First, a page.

27. Kassim A, Pflüger V, Premji Z, Daubenberger C, Revathi G. Comparison of biomarker based Matrix Assisted Laser Desorption Ionization-Time of Flight Mass Spectrometry (MALDI-TOF MS) and conventional methods in the identification of clinically relevant bacteria and yeast. BMC Microbiol 2017;17:128. doi:10.1186/s12866-017-1037-z.
28. Lane MJ, Roy AF, Kearney MT, Pucheu-Haston CM. Characterization, distribution, antimicrobial resistance and resistance risk factors in staphylococci isolated from cats from 2001 to 2014. Vet Med Sci 2018;4:315–25. doi:10.1002/vms3.122.
29. Greeff S, Mouton J. NethMap 2018: Consumption of antimicrobial agents and antimicrobial resistance among medically important bacteria in the Netherlands / MARAN 2018: Monitoring of Antimicrobial Resistance and Antibiotic Usage in Animals in the Netherlands in 2017. Bilthoven: Rijksinstituut voor Volksgezondheid en Milieu RIVM Stichting Werkgroep Antibiotica Beleid SWAB; 2018.
30. European Centre for Disease Prevention and Control. European Antimicrobial Resistance Surveillance Network (EARS-Net) 2021. (accessed March 25, 2021).
31. European Centre for Disease Prevention and Control. Antimicrobial resistance surveillance in Europe 2016. Annual Report of the European Antimicrobial Resistance Surveillance Network (EARS-Net). Stockholm: 2017.
32. van Cleef BAGL, Kluytmans JAJW, van Benthem BHB, Haenen A, Monen J, Daniels-Haardt I, *et al.* Cross border comparison of MRSA bacteraemia between The Netherlands and North Rhine-Westphalia (Germany): a cross-sectional study. PLoS One 2012;7:e42787. doi:10.1371/journal.pone.0042787.
33. Teicher CL, Ronat J-B, Fakhri RM, Basel M, Labar AS, Herard P, *et al.* Antimicrobial drug-resistant bacteria isolated from Syrian war-injured patients, August 2011-March 2013. Emerg Infect Dis 2014;20:1949–51. doi:10.3201/eid2011.140835.
34. Balkhair A, Al-Farsi YM, Al-Muharrmi Z, Al-Rashdi R, Al-Jabri M, Neilson F, *et al.* Epidemiology of multi-drug resistant organisms in a teaching hospital in oman: a one-year hospital-based study. ScientificWorldJournal 2014;2014:157102. doi:10.1155/2014/157102.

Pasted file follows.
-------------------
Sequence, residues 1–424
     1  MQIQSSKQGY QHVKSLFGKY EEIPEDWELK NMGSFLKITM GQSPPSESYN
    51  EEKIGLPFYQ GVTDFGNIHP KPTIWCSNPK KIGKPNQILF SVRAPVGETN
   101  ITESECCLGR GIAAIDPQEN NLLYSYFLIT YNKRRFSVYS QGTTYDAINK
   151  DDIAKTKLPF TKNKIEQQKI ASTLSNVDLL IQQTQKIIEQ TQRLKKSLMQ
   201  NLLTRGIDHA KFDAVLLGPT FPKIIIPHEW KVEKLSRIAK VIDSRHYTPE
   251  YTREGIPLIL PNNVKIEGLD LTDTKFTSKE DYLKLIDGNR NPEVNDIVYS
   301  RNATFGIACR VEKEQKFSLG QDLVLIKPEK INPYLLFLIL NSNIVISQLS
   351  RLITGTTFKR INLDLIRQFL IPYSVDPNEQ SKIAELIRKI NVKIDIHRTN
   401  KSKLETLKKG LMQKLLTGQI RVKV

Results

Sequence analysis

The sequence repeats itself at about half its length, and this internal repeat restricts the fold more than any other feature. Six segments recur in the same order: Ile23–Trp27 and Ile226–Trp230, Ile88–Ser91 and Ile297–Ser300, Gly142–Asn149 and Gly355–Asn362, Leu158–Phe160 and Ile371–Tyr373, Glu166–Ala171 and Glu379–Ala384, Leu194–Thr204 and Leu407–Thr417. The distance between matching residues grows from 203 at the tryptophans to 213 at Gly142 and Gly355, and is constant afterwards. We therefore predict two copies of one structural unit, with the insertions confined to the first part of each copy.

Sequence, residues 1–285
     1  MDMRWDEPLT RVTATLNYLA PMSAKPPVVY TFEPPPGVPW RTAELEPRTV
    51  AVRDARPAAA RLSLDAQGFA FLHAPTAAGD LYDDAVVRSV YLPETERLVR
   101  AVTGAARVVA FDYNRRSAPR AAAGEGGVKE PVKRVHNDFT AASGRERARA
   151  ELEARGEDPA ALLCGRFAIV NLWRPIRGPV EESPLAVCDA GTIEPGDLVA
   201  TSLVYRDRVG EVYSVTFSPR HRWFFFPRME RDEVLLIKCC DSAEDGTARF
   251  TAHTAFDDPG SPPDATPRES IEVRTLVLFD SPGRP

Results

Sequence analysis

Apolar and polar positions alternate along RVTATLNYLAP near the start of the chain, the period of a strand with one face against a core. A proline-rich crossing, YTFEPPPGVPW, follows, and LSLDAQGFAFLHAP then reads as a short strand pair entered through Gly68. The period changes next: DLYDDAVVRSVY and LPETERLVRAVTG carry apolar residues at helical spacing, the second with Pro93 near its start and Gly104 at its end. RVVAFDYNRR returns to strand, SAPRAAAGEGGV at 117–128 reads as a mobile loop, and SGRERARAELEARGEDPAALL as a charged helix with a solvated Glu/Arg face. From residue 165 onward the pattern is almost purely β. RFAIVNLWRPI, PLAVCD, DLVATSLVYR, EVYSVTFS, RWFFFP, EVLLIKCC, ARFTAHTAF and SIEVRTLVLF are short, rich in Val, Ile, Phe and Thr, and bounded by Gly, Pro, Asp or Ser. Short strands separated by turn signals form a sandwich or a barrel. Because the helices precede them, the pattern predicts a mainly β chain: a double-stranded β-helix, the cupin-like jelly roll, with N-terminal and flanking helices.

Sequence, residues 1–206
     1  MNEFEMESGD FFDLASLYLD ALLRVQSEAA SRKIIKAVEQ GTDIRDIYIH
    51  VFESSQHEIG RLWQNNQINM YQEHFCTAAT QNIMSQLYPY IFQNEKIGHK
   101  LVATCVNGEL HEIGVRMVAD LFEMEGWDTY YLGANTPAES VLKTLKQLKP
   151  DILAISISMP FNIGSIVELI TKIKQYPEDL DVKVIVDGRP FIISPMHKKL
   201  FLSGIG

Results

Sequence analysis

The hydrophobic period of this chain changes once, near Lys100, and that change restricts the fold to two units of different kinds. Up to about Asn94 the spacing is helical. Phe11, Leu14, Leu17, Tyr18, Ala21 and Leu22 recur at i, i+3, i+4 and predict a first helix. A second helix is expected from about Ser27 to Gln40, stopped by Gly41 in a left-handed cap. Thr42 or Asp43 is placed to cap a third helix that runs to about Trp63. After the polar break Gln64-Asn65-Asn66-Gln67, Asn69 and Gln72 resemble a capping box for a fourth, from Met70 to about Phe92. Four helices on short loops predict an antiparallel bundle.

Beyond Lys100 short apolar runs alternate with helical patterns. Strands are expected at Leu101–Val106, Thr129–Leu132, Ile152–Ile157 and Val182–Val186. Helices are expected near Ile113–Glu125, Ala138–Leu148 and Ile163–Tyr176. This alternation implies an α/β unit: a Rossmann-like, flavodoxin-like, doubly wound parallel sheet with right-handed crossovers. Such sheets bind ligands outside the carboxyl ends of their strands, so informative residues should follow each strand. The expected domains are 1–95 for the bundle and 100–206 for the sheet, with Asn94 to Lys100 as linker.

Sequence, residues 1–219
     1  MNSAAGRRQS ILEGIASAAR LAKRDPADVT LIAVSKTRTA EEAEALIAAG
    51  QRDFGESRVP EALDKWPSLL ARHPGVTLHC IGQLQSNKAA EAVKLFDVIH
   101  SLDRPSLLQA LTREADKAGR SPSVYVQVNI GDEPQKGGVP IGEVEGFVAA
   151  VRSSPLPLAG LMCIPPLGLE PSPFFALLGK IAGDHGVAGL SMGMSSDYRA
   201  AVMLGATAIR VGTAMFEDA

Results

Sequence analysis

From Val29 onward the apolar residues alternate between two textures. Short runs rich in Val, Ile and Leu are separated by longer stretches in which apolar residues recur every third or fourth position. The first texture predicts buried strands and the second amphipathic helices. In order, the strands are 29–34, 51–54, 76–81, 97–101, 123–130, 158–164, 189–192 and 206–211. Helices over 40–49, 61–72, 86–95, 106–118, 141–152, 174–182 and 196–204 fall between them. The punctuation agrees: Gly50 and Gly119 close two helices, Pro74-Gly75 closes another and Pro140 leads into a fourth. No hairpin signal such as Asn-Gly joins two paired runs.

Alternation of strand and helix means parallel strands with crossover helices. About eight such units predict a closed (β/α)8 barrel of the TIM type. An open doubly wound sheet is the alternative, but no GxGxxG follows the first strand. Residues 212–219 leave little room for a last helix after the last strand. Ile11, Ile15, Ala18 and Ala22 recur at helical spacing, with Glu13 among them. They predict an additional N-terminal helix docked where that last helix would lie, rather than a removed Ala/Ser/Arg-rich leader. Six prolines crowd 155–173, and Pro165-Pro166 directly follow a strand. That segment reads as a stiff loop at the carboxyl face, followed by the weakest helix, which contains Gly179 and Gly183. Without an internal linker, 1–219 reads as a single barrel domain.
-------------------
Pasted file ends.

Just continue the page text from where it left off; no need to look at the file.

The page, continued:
35. Szmigielski S, Prévost G, Monteil H, Colin DA, Jeljaszewicz J. Leukocidal toxins of staphylococci. Zentralbl Bakteriol 1999;289:185–201. doi:10.1016/s0934-8840(99)80105-4.
36. Schwartz WB, Patil RS, Szolovits P. Artificial intelligence in medicine. Where do we stand? N Engl J Med 1987;316:685–8. doi:10.1056/NEJM198703123161109.
37. Restifo LL, Phelan GR. The cultural divide: exploring communication barriers between scientists and clinicians. Dis Model Mech 2011;4:423–6. doi:10.1242/dmm.008177.
38. Bargiela D, Verkerk MM. The clinician-programmer: designing the future of medical practice. BMJ 2013;347. doi:10.1136/bmj.f4563.
39. Bax R, Bywater R, Cornaglia G, Goossens H, Hunter P, Isham V, *et al.* Surveillance of antimicrobial resistance--what, how and whither? Clin Microbiol Infect 2001;7:316–25. doi:10.1046/j.1198-743x.2001.00239.x.
40. den Heijer CDJ, Penders J, Donker GA, Bruggeman CA, Stobberingh EE. The importance of gender-stratified antibiotic resistance surveillance of unselected uropathogens: a Dutch Nationwide Extramural Surveillance study. PLoS One 2013;8:e60497. doi:10.1371/journal.pone.0060497.
41. Chopra I, Roberts M. Tetracycline antibiotics: mode of action, applications, molecular biology, and epidemiology of bacterial resistance. Microbiol Mol Biol Rev 2001;65:232-60 ; second page, table of contents. doi:10.1128/MMBR.65.2.232-260.2001.
42. Patel D, Nimbalkar A, Sethi A, Kungwani A, Nimbalkar S. Blood culture isolates in neonatal sepsis and their sensitivity in Anand District of India. Indian J Pediatr 2014;81:785–90. doi:10.1007/s12098-013-1314-2.
43. Critchley IA, Karlowsky JA. Optimal use of antibiotic resistance surveillance systems. Clin Microbiol Infect 2004;10:502–11. doi:10.1111/j.1469-0691.2004.00911.x.
44. Bosso JA, Mauldin PD, Steed LL. Consequences of combining cystic fibrosis- and non-cystic fibrosis-derived Pseudomonas aeruginosa antibiotic susceptibility results in hospital antibiograms. Ann Pharmacother 2006;40:1946–9. doi:10.1345/aph.1H377.
45. Horvat RT, Klutman NE, Lacy MK, Grauer D, Wilson M. Effect of duplicate isolates of methicillin-susceptible and methicillin-resistant *Staphylococcus aureus* on antibiogram data. J Clin Microbiol 2003;41:4611–6. doi:10.1128/jcm.41.10.4611-4616.2003.
46. Atreya MR, Wong HR. Precision medicine in pediatric sepsis. Curr Opin Pediatr 2019;31:322–7. doi:10.1097/MOP.0000000000000753.
47. Ombelet S, Barbé B, Affolabi D, Ronat J-B, Lompo P, Lunguya O, *et al.* Best Practices of Blood Cultures in Low- and Middle-Income Countries. Front Med 2019;6:131. doi:10.3389/fmed.2019.00131.
48. Kleinschmidt S, Huygens F, Faoagali J, Rathnayake IU, Hafner LM. *Staphylococcus epidermidis* as a cause of bacteremia. Future Microbiol 2015;10:1859–79. doi:10.2217/fmb.15.98.
49. Berger I, Gil Margolis M, Nahum E, Dagan O, Levy I, Kaplan E, *et al.* Blood Cultures Drawn From Arterial Catheters Are Reliable for the Detection of Bloodstream Infection in Critically Ill Children. Pediatr Crit Care Med 2018;19:e213–8. doi:10.1097/PCC.0000000000001462.
50. Huang Z, Fu Z, Huang W, Huang K. Prognostic value of neutrophil-to-lymphocyte ratio in sepsis: A meta-analysis. Am J Emerg Med 2020;38:641–7. doi:10.1016/j.ajem.2019.10.023.
51. Shen X-F, Cao K, Jiang J-P, Guan W-X, Du J-F. Neutrophil dysregulation during sepsis: an overview and update. J Cell Mol Med 2017;21:1687–97. doi:10.1111/jcmm.13112.
52. Nemati S, Holder A, Razmi F, Stanley MD, Clifford GD, Buchman TG. An Interpretable Machine Learning Model for Accurate Prediction of Sepsis in the ICU. Crit Care Med 2018;46:547–53. doi:10.1097/CCM.0000000000002936.